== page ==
As I recall there were bundles of wires behind the panel with individual wires going to each control on the panel.  

Thanks for all the information in this thread, including the information on "Automatic" CTC which I had not heard of.

Jim



Date: 02/27/21 16:42
Re: Remembering SPRR LA Division First Automatic CTC Machine
Author: Zephyr

The machine in my photograph also had "maintainer call buttons" on the very bottom below the automatic/send toggles.  When the dispatcher flipped these toggles up and pressed the "start" toggle (also known as the automatic toggle) a white light on the side of the CTC box at the designated siding would light up and the maintainer would know the dispatcher needed to converse.  These were very handy when you couldn't reach the maintainer by radio.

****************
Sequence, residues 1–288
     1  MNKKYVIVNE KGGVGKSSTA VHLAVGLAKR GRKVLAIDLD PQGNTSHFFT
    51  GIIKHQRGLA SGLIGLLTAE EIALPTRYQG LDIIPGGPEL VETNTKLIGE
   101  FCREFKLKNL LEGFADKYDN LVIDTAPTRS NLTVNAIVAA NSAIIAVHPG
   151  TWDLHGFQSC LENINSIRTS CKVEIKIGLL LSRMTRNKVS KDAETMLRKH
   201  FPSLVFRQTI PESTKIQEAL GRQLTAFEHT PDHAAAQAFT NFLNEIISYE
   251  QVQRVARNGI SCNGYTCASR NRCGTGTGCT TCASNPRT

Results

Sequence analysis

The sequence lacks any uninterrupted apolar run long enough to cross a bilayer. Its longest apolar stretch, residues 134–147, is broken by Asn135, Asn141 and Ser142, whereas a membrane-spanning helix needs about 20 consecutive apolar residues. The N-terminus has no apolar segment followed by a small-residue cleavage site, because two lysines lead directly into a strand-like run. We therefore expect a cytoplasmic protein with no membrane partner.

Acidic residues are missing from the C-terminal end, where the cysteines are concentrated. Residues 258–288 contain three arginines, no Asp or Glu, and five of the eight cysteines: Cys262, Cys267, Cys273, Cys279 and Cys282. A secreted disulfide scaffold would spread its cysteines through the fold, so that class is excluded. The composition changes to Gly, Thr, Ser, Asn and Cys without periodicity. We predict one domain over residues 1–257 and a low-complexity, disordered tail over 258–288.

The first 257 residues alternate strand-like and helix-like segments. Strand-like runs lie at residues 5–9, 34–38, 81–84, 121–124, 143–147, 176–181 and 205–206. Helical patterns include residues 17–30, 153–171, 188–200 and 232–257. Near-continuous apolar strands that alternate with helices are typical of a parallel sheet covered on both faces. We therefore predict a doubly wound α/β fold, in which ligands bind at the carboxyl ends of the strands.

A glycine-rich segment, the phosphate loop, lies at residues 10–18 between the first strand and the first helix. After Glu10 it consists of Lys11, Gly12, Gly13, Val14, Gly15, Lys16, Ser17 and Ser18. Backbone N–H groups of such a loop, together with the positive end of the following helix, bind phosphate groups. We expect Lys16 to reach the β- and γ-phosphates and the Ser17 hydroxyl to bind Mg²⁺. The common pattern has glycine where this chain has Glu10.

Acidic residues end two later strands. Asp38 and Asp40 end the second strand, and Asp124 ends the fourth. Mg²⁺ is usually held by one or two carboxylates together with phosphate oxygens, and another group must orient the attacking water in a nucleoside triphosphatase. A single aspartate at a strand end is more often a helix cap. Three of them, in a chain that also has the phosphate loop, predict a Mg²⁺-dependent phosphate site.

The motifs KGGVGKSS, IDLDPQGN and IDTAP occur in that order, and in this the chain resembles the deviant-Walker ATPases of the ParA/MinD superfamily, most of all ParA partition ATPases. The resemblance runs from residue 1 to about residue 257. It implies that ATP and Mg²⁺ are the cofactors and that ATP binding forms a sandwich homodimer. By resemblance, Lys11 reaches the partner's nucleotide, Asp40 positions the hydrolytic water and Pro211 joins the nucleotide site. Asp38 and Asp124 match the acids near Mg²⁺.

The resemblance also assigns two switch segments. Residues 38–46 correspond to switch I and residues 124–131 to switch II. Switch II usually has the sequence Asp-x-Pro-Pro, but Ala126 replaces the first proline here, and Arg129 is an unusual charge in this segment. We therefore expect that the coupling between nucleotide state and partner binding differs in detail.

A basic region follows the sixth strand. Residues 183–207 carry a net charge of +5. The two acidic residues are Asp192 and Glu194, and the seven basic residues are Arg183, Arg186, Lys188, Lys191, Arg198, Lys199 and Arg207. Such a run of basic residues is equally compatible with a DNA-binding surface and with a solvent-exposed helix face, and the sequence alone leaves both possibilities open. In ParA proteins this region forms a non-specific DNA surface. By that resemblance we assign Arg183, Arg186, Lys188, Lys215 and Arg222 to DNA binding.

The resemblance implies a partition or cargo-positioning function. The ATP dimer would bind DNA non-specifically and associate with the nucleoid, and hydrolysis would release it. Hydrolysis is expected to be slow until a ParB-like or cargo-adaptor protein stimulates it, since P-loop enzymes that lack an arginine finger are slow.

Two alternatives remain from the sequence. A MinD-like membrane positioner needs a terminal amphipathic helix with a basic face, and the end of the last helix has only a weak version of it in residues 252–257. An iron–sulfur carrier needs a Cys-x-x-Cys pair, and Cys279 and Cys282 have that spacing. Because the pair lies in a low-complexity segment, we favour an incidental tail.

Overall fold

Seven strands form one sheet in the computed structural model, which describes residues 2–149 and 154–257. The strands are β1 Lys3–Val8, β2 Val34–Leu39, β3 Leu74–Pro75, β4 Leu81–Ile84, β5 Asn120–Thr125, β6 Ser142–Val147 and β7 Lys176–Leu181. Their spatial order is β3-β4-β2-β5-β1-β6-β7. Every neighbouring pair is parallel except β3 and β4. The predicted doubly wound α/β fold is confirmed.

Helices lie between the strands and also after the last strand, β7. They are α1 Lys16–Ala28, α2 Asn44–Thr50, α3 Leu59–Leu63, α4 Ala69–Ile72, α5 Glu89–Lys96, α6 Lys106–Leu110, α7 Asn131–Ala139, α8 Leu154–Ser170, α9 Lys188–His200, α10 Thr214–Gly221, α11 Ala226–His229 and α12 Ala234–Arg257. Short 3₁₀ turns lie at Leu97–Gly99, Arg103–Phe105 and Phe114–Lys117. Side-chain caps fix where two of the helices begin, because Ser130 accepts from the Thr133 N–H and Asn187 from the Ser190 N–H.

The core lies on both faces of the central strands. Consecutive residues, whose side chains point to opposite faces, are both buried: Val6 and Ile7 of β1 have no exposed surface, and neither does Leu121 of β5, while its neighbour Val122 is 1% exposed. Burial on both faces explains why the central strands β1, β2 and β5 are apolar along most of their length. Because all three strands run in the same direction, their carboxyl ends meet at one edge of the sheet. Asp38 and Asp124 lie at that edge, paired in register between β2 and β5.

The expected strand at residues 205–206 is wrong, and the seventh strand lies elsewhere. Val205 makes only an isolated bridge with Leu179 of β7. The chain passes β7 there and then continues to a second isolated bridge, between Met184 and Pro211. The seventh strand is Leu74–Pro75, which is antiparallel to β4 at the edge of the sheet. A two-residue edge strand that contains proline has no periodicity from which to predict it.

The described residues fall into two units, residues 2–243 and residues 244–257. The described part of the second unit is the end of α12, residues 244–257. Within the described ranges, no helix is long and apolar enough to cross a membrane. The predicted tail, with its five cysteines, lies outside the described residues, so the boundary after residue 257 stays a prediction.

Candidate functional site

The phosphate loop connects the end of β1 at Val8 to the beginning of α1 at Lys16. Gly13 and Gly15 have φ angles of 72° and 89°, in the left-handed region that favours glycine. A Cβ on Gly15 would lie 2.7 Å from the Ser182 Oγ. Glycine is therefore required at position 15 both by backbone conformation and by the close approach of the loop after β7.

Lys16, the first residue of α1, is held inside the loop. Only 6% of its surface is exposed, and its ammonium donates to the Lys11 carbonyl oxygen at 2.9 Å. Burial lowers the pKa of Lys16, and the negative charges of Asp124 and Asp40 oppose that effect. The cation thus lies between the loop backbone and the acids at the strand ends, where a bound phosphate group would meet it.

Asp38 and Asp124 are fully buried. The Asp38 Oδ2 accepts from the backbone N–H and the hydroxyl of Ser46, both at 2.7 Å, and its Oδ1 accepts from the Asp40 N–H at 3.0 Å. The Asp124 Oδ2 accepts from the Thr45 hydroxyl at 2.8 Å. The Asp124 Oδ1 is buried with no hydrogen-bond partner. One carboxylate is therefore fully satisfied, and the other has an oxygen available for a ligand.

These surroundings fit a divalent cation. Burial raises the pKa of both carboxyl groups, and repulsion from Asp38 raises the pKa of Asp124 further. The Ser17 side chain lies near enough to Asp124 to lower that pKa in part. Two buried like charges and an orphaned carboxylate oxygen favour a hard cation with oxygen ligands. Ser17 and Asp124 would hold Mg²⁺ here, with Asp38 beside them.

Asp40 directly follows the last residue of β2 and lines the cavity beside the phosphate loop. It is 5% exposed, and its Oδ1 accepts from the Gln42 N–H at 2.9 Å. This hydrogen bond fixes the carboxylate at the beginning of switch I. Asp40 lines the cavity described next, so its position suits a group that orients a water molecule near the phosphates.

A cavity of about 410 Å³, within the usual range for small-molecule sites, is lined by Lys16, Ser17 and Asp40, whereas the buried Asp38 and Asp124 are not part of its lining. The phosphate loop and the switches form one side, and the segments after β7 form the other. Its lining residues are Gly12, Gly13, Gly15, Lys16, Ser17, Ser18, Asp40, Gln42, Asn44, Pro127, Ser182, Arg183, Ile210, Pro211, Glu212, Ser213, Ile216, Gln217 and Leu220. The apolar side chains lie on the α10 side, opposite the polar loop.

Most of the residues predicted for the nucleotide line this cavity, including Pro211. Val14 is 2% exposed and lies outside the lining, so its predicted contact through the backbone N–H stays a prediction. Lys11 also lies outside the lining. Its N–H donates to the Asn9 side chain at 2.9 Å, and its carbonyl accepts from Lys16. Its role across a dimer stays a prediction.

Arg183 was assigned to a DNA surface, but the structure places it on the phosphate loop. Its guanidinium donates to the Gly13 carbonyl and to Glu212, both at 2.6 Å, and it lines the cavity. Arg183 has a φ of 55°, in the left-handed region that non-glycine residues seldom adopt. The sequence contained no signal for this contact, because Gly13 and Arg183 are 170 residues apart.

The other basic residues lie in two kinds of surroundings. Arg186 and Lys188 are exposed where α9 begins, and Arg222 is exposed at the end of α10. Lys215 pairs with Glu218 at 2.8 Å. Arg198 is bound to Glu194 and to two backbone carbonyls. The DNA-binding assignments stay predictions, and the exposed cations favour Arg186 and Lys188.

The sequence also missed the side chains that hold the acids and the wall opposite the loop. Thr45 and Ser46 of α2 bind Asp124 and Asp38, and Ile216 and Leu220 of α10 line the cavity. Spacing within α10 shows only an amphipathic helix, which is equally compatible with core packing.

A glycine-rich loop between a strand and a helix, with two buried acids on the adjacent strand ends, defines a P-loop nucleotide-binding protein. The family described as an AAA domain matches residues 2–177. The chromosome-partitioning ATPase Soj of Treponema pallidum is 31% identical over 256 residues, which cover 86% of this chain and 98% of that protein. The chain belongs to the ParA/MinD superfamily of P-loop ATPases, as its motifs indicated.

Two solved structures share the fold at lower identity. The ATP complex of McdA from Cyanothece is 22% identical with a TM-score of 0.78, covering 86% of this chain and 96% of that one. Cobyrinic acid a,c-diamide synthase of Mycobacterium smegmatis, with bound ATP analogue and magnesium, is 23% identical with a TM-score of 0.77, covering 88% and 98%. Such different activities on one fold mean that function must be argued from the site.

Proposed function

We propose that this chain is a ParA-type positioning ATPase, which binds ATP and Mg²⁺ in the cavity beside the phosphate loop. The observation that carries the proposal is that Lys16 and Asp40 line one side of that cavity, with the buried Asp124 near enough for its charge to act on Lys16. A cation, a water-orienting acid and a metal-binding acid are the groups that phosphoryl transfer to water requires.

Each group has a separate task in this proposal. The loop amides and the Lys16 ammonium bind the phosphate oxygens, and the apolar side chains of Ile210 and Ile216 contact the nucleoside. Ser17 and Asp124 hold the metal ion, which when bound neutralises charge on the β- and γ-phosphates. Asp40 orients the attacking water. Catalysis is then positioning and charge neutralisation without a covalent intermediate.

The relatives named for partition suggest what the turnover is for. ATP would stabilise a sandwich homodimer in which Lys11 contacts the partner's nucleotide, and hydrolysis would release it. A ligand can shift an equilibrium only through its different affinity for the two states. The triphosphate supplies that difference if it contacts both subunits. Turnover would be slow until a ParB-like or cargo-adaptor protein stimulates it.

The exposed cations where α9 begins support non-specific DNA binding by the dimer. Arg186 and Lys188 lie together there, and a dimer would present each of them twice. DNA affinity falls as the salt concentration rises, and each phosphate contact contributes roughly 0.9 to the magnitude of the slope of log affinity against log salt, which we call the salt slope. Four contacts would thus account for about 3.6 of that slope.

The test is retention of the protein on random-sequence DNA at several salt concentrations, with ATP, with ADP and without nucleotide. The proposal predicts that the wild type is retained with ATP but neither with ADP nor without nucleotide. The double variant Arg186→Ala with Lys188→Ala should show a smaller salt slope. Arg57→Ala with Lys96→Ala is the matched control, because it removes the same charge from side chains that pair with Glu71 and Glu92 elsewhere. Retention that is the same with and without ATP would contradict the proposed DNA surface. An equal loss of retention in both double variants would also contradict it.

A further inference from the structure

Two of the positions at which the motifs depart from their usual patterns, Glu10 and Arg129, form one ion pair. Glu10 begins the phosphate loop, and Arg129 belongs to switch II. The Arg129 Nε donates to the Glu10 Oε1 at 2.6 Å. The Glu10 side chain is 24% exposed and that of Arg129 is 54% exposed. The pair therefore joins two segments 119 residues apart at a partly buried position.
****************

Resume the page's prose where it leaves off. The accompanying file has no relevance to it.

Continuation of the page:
Date: 02/27/21 18:07
Re: Remembering SPRR LA Division First Automatic CTC Machine
Author: TAW

Zephyr Wrote:
-------------------------------------------------------
> The machine in my photograph also had "maintainer
> call buttons" on the very bottom below the
> automatic/send toggles.

Those were common until something like the late 70s, when so many were shot out or otherwise vandalized that the function was worthless.

TAW



Date: 02/28/21 12:33
Re: Remembering SPRR LA Division First Automatic CTC Machine
Author: engineerinvirginia

TAW Wrote:
-------------------------------------------------------
> Zephyr Wrote:
> --------------------------------------------------
> -----
> > The machine in my photograph also had
> "maintainer
> > call buttons" on the very bottom below the
> > automatic/send toggles.
>
> Those were common until something like the late
> 70s, when so many were shot out or otherwise
> vandalized that the function was worthless.
>
> TAW